Review: Uboa – “The Sky May Be”

I haven’t heard a record this year that sounds like it has as much acid running through its veins as The Sky May Be, the new, digital-only release from Australian experimentalist Uboa, a.k.a. Xandra Metcalfe, out last week on Bandcamp.

Tracks like “Thigh High Cat Tights,” perhaps the release’s best track, are harsh noise pushed to the brink of an unerring physicality — with vocal screeches and wrenching, guttural wails accented at times by what seems to be, to the best guess I can give under all of this editing, a droning viola. The excellent “Salivate on Cue” pulls similar tricks, with rapid cuts providing a kind of industrial-shaped percussive thrust to the screams and buzz-saw noise. If it isn’t evidence already, Knurl ain’t got nothing on Uboa here.

But this is not just a record cranked up to 11, as much as its constant shifts in tone will keep you on edge — quite purposefully, I’d imagine.

On the title suite, Metcalfe paints aurally with restraint, plunging into deeper themes – the individual parts are half-titled things like “Dementia” and “Zenith” – with a broad range of colors and textures. “The Sky May Be (Entropy)” features a spare, repeating figure on piano that is downright haunting given the surroundings. “The Sky May Be (Extus)” mixes ethereal, airy mixes with more, pain-filled screams but “The Sky May Be (Zenith),” which closes the release, returns listeners to the other side of the planet with an unsettling sense of calm.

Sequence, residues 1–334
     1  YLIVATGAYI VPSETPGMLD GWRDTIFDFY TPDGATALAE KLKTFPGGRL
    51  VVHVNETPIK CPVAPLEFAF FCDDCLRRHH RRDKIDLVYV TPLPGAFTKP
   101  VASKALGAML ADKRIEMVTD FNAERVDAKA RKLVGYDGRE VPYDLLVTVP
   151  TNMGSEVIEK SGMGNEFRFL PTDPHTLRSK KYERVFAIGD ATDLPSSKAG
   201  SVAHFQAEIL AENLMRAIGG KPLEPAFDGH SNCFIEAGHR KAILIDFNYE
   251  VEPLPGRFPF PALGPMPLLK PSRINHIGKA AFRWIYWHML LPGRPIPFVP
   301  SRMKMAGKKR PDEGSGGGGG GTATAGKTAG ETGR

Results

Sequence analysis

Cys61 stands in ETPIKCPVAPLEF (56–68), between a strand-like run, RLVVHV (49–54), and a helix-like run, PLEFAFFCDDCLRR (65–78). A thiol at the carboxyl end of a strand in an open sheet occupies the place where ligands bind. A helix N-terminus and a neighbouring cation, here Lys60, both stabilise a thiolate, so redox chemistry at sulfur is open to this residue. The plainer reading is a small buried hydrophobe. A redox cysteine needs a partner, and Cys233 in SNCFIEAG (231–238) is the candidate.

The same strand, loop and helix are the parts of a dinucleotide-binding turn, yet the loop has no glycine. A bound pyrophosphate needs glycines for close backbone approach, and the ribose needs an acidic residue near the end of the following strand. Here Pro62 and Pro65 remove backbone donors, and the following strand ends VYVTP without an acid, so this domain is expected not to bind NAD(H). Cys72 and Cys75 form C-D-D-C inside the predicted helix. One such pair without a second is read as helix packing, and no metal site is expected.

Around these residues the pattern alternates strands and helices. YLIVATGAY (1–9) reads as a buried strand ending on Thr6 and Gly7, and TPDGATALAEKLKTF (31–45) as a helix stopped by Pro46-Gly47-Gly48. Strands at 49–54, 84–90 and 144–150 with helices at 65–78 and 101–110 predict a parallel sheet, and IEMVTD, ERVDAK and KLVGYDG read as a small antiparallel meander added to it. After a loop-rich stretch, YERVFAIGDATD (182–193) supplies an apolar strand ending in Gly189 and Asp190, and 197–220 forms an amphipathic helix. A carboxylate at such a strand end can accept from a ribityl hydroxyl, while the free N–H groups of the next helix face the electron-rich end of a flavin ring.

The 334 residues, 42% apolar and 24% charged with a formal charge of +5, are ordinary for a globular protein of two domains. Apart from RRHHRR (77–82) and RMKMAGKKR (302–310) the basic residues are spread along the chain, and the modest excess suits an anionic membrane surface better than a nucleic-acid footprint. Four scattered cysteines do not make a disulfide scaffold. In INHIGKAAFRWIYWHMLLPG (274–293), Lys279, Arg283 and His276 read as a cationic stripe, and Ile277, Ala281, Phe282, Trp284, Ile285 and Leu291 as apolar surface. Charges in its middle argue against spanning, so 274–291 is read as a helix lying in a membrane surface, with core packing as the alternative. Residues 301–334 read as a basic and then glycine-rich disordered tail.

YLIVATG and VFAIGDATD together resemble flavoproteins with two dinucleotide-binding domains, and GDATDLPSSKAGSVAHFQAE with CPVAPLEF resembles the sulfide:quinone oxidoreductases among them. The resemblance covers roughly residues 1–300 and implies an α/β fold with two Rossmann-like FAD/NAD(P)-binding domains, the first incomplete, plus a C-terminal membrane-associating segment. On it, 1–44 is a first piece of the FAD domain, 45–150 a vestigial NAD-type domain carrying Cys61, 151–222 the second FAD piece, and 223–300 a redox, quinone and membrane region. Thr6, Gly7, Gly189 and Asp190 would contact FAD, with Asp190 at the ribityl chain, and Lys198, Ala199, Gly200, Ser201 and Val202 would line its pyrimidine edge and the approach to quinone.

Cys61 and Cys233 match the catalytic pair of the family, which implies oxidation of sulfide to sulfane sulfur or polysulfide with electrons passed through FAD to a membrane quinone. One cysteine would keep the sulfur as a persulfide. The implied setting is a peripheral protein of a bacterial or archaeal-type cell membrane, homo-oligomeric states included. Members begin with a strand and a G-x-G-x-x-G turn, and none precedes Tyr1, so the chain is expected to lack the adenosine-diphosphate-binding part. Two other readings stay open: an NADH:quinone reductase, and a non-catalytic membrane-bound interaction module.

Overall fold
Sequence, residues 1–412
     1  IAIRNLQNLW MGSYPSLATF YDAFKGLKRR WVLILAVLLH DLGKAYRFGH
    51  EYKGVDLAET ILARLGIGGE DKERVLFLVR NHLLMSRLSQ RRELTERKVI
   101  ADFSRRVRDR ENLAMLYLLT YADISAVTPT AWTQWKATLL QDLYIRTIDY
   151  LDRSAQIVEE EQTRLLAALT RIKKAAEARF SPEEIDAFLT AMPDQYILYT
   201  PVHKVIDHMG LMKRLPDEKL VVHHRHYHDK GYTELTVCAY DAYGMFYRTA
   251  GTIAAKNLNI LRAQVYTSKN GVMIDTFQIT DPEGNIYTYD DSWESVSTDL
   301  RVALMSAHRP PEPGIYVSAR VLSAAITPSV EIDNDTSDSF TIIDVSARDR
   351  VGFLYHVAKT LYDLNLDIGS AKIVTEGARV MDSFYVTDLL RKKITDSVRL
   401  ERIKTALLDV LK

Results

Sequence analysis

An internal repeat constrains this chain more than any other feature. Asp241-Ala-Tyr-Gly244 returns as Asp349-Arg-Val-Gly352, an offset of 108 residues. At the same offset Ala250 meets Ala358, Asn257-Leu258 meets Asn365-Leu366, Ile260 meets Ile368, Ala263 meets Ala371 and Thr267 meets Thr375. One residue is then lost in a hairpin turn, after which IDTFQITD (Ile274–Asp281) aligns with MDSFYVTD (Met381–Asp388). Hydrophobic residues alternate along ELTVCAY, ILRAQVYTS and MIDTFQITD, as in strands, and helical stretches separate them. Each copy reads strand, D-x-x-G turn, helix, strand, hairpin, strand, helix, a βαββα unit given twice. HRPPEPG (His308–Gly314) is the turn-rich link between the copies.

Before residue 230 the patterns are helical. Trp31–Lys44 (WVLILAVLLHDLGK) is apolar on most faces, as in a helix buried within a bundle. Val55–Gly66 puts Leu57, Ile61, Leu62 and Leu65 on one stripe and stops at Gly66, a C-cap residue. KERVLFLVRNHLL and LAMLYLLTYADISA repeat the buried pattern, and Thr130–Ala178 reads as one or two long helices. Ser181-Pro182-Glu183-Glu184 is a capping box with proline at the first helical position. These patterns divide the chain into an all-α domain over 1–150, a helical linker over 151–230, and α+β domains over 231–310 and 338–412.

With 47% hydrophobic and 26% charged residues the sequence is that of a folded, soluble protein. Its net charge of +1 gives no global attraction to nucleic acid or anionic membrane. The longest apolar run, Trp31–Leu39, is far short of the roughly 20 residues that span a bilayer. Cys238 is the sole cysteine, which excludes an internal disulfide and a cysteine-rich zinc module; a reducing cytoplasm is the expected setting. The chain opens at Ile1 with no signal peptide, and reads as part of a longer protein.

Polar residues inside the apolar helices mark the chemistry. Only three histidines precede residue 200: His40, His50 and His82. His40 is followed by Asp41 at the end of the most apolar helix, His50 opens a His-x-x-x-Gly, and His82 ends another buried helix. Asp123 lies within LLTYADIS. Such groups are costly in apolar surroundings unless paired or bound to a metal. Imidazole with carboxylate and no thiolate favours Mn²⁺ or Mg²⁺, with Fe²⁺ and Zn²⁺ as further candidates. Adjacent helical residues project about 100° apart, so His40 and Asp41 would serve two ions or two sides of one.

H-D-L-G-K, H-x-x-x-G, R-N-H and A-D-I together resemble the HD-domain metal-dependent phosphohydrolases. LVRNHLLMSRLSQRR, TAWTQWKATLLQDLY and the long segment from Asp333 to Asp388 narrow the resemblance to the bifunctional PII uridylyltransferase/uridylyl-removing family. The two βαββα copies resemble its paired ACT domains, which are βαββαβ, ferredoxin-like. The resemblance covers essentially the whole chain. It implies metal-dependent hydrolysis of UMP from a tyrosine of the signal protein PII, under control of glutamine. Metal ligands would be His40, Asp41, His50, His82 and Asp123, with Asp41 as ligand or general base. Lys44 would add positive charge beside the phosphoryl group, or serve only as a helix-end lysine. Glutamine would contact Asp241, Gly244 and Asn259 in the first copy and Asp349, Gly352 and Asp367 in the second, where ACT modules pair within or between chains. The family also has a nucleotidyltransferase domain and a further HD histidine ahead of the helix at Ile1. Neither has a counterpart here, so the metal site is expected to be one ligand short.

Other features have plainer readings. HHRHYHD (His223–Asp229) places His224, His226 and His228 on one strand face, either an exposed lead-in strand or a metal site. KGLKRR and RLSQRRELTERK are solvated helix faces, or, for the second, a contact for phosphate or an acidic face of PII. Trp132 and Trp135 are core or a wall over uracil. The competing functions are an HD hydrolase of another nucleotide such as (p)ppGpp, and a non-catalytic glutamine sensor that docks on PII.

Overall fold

Metcalfe’s other 2018 release — The Apple of Every Eye, a smoggy, three-track sound-duet with fellow Australian Muddy Lawrence (a.k.a. Reece Prain) – was good stuff. But this beats those tracks to a bloody pulp. – Justin Vellucci, Swordfish, Oct. 24, 2018

About the author

Justin Vellucci is a staff writer for PopMatters, Spectrum Culture, and MusicTAP, a contributor to Pittsburgh Current, and a former staffer for Popdose, Punk Planet and Delusions of Adequacy. His music writing has appeared in national magazines such as American Songwriter, alt-pubs like The Brooklyn Rail, Pittsburgh CityPaper and San Diego CityBeat, blogs Swordfish, Punksburgh and Linoleum, and the Gannett magazine Jetty. He lives in Pittsburgh.

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